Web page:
That's quite a big slurp!
33 publicly visible posts • joined 24 Oct 2018
Not sure what all the fuss is about this feature. I've been self-driving cars for decades :-)
Because that's what it means, isn't it? The alternative would mean the car drives itself, which it clearly doesn't. If the car drove itself, the people in the car would all be passengers.
The sole director of Jackpotcomics Ltd is listed as being resident in the Philippines.
The referenced BBC investigation uncovered how tens of thousands of companies were set up, recruiting people in the Philippines to be registered as their directors. I assume they did this because when HMRC realise the arrangement is dodgy, the directors are out of their reach.
I'm sure there are legitimate UK companies with Filipino directors, but this looks very much like the tax dodge identified by the BBC.
The subheading "But it seems the iPhone 6 and SE will be looked after until the end of time" isn't right - the iPhone 6 was dropped in 2019.
The iPhone 6s is a different thing.
Even that is unlikely to be looked after until the end of time, but that's a different matter :-)
The article says BT believes it could achieve a 50 per cent reduction in latency, which isn't the same as a 50% increase in speed. Unless I've misunderstood how they think it is possible, it would require a 100% increase in speed.
The speed of light in a vacuum is pretty fast but it comes a distant second to the speed of light in a marketing pitch.
The bucket effect is expected. The scoring system is designed to be an assessment the severity of an issue so, obviously, different types of issues with similar severities ought to end up with the same score.
I don't generally use the CVSS score on its own. It is worked out from other metrics, such as Access Vector and Confidentiality Impact, and I find these really useful for deciding what the potential risk is to our systems.
We once had a security audit from a firm that ranked their results as Critical, High, Medium and Low with absolutely no consistency as to how they chose the severity. They ranked nearly everything, even things with no actual security impact, as Critical or High, and would not justify that decision. CVSS is far, far better than that arbitrary system. It isn't perfect, however, as the article explains.
The article says everyone should be out by 10. I'm fairly sure the new rule is 11, although they have to make their last orders by 10.
The regulations themselves don't actually contain the phrase "substantial meal" and I reckon you can get away with serving cornflakes.
The Health Protection (Coronavirus, Restrictions) (All Tiers) (England) Regulations 2020 say that the meal must be "such as might be expected to be served as breakfast, the main midday or main evening meal, or as a main course at such a meal."
Most businesses, when starting, get cash from investors and use it to pay for losses until they start to make a profit. Tesla has done this on a grand scale, having received 6.618 billion USD from investors (as of 31st December 19, unaudited). If you include investments received by its subsidiaries, it is 8.11 Billion.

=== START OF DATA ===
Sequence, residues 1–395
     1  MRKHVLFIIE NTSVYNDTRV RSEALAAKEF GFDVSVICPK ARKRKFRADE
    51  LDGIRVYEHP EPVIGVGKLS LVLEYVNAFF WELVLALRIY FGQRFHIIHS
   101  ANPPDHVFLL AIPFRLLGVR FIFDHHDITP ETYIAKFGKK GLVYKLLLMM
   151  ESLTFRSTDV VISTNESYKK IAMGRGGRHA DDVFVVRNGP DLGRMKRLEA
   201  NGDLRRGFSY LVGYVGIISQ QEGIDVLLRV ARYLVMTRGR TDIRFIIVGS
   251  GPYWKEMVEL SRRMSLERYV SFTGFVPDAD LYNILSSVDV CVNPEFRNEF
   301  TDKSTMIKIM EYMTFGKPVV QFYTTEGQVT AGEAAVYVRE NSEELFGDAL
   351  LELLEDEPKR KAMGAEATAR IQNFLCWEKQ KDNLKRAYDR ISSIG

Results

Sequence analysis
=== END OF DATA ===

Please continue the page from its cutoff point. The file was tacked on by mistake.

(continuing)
At this point, it is hard to know whether Tesla will be successful in the business of selling electric cars. It has already proved to be very successful in the business of selling that dream to investors.
I think COKE (and by extension, Coke) IS a registered trade mark.
In the EU, registered mark EU002091940 protects the name from being used for the relevant class of goods:
Class 32 Beers; mineral and aerated waters and other non-alcoholic drinks; fruit drinks and fruit juices; syrups and other preparations for making beverages.
It also protects the name from being used in a wide range of less obvious products, including edible birds' nests. If you try selling "Coke" birds nest soup, you can expect a letter from their lawyers.
There are other registrations for the same name, presumably covering even more obscure product classes.
In December, I ordered some Intel NUCs, only for our supplier to cancel the order in January due to an unexpected chip shortage. They couldn't source the i5 or i7 parts, so I had to settle for i3s.
Maybe our supplier is to blame for accepting an order they couldn't fill, but it demonstrates that the shortage is affecting the iX family, as the article suggests.
I read the article and then it took me a while to figure out why you need more time on amber if you are turning. It has nothing to do with coming out the other side of the junction.
It is because, after a split second of reaction time, you need to make a decision about whether to go or stop. If you are going straight, you have the choice of proceeding at full speed, or stopping. The formula is designed so if you are the critical distance away, you have time to either stop at the line, or pass it at the expected speed. If you are further away, you have to stop. If you are nearer, you have to continue.
If you are going to turn at the junction, you have the choice between stopping, or decelerating to make the turn. If you are decelerating, it will take longer to reach the stop line than it would at full speed, so you need extra time.
"Tsohost - our hosting company - disconnected our Lemonrock server from the Internet early on Monday 10th June 2019. They did this without warning, and later claimed that they had suffered a cyber-attack."
Their full explanation is here: